New Radio Tutorial


This tutorials includes simulation examples that are intended to provide hints about the basic configurations of 5G NR networks.

New in version 1.2.2.

Source files location: showcases/NR/standalone


In this tutorial the omnetpp.ini file is composed of several sections, each of which extends the scenario provided by the previous one. This way, the beginner user is provided with a step-by-step guide towards scenarios with increasing complexities.

All the configurations use the SingleCell_Standalone network that can be found in the simulations/NR/networks folder.

network SingleCell_Standalone
        int numUe = default(1);
        int numBgCells = default(0);
        channelControl: LteChannelControl {
        routingRecorder: RoutingTableRecorder {
        configurator: Ipv4NetworkConfigurator {
        binder: Binder {
        carrierAggregation: CarrierAggregation {
        server: StandardHost {
        router: Router {
        upf: Upf {
        iUpf: Upf {
        gnb: gNodeB {
        bgCell[numBgCells]: BackgroundCell {
        ue[numUe]: NRUe {
        server.pppg++ <--> Eth10G <--> router.pppg++;
        router.pppg++ <--> Eth10G <--> upf.filterGate;
        upf.pppg++ <--> Eth10G <--> iUpf.pppg++;
        iUpf.pppg++ <--> Eth10G <--> gnb.ppp;

Initial configuration of the network

Step 1: Single UE

Configuration: Single-UE

This simple scenario simulates only one UE attached to one gNB, with downlink traffic. The UE is located 400 meters far from the gNB and receives 800 kbps CBR traffic from a remote server.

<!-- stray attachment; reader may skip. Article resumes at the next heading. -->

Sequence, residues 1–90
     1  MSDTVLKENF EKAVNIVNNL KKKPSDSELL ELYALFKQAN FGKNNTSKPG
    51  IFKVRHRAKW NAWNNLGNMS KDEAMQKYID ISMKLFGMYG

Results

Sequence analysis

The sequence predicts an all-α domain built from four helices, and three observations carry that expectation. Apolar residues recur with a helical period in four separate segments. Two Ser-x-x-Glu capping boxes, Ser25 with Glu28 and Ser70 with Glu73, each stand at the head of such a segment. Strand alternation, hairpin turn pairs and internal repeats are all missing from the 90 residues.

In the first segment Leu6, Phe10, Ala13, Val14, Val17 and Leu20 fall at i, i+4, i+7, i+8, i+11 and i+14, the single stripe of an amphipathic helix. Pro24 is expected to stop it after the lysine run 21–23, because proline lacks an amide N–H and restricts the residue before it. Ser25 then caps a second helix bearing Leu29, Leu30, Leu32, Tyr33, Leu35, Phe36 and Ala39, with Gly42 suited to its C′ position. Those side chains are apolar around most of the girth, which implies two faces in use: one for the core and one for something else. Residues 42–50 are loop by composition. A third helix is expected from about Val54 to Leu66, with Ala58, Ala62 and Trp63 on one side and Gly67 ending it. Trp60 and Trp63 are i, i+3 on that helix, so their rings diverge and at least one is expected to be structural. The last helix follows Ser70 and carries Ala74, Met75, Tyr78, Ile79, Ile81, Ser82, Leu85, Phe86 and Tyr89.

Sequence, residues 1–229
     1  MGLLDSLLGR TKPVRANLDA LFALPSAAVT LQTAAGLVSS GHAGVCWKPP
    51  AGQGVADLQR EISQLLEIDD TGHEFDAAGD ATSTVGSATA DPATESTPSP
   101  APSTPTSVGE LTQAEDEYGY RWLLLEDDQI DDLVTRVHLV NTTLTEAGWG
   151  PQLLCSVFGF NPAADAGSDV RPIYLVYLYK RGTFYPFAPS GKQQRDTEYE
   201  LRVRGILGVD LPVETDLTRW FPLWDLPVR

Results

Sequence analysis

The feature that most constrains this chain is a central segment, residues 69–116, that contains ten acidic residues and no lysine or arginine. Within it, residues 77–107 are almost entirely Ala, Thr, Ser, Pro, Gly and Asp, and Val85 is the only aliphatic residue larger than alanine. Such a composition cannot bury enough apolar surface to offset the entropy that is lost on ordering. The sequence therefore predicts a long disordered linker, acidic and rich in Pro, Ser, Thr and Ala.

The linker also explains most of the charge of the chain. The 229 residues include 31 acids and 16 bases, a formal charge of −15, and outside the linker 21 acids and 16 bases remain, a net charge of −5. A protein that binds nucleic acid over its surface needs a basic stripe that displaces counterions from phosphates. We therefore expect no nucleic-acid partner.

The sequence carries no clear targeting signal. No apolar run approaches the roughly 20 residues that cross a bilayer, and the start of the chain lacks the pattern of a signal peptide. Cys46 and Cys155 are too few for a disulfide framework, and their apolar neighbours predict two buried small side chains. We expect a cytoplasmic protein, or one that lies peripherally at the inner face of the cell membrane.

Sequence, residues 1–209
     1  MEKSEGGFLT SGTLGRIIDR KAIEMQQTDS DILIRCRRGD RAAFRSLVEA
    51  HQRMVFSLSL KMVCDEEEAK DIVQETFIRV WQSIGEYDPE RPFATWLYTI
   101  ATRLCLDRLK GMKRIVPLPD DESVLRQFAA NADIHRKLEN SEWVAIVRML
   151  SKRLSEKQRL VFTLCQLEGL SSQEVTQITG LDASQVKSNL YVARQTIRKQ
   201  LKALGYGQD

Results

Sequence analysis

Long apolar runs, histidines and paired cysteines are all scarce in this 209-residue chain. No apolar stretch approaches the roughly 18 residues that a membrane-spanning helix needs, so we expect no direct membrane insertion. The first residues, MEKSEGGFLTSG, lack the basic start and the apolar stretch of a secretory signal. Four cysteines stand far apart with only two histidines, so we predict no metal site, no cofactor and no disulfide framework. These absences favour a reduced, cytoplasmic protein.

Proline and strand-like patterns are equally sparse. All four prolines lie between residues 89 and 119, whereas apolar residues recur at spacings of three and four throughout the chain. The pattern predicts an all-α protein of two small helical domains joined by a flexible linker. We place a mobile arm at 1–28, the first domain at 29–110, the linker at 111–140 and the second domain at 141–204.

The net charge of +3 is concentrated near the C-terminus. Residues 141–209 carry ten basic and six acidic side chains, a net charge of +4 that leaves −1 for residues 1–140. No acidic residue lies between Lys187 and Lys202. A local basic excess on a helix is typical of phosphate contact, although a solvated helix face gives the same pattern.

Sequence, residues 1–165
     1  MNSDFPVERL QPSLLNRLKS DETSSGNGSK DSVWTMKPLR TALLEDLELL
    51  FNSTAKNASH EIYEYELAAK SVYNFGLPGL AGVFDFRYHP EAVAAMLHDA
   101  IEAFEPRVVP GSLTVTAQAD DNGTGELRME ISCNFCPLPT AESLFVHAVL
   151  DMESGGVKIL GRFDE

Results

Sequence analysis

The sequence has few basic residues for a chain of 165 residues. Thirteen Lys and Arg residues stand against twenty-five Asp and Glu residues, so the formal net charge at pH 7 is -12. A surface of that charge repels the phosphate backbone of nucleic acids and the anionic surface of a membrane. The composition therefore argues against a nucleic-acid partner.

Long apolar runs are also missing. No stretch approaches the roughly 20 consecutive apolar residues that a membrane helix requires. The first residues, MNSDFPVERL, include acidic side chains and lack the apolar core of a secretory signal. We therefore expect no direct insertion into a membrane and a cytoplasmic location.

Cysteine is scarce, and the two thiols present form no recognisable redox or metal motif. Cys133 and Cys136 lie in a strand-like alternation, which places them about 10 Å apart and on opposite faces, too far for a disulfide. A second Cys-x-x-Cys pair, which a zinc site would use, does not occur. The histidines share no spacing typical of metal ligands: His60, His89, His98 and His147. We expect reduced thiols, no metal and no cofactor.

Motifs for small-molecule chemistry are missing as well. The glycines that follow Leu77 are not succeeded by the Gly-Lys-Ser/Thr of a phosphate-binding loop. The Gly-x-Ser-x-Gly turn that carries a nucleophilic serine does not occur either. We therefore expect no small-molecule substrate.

[Config Single-UE]

# gNodeB position 
*.gnb.mobility.initialX = 500m 
*.gnb.mobility.initialY = 500m 

# UE configuration 
*.numUe = 1 

# UE position (400m far from the gNB)
*.ue[*].mobility.initialX = 500m 
*.ue[*].mobility.initialY = 900m 

# connect the UE's NIC (NR side) to the corresponding serving gNB 
*.ue[*].macCellId = 0 
*.ue[*].masterId = 0 
*.ue[*].nrMacCellId = 1 
*.ue[*].nrMasterId = 1 
# Application Setup 
*.ue[*].numApps = 1 
*.server.numApps = 1 
*.ue[*].app[*].typename = "CbrReceiver" 
*.ue[*].app[*].localPort = 1000 
*[*].typename = "CbrSender"   
*[*].PacketSize = 1000      # send 800 Kb/s 
*[*].sampling_time = 0.01s 
*[*].destAddress = "ue["+string(ancestorIndex(0))+"]" # obtain the address of the client by reading its index in the array of Apps 
*[*].destPort = 1000  
*[*].localPort = 3088+ancestorIndex(0)  
*[*].startTime = uniform(0.01s,0.05s) 

Since this scenario does not include any inter-cell interference and the gNB is lightly loaded (it is serving one UE only), you will observe that the throughput received by the UE is equal to the throughput generated by the server. See cbrReceivedThroughput:mean and cbrGeneratedThroughput:mean statistics.

Step 2: Adding Inter-Cell Interference

Configuration: BgTraffic

As a next step, let’s add some inter-cell interference to the previous configuration. To do this, the scenario simulates one background cell, which serves 10 background UEs. Each background UEs receives 800 kbps CBR traffic.


Background cells/UEs are simplified models of cells/UEs and have the only purpose to create interference on foreground cells/UEs. See the following paper for more information:

G. Nardini, G. Stea, A. Virdis, “Scalable Real-time Emulation of 5G Networks with Simu5G”, IEEE Access, vol. 9, pp. 148504-148520, 2021. doi: 10.1109/ACCESS.2021.3123873.

[Config BgTraffic]
extends = Single-UE 
########## Background cells configuration ############# 
*.numBgCells = 1 

*.bgCell[*].bgScheduler.isNr = true 
*.bgCell[*].bgScheduler.txPower = 23 
# position of the background gNodeB 
*.bgCell[*].mobility.initialX = 750m 
*.bgCell[*].mobility.initialY = 1000m 
# number and position of background UEs in the background cells 
*.bgCell[*].bgTrafficGenerator.numBgUes = 10 
*.bgCell[*].bgTrafficGenerator.bgUE[*].mobility.initialX = uniform(500m,1000m) 
*.bgCell[*].bgTrafficGenerator.bgUE[*].mobility.initialY = uniform(500m,1000m)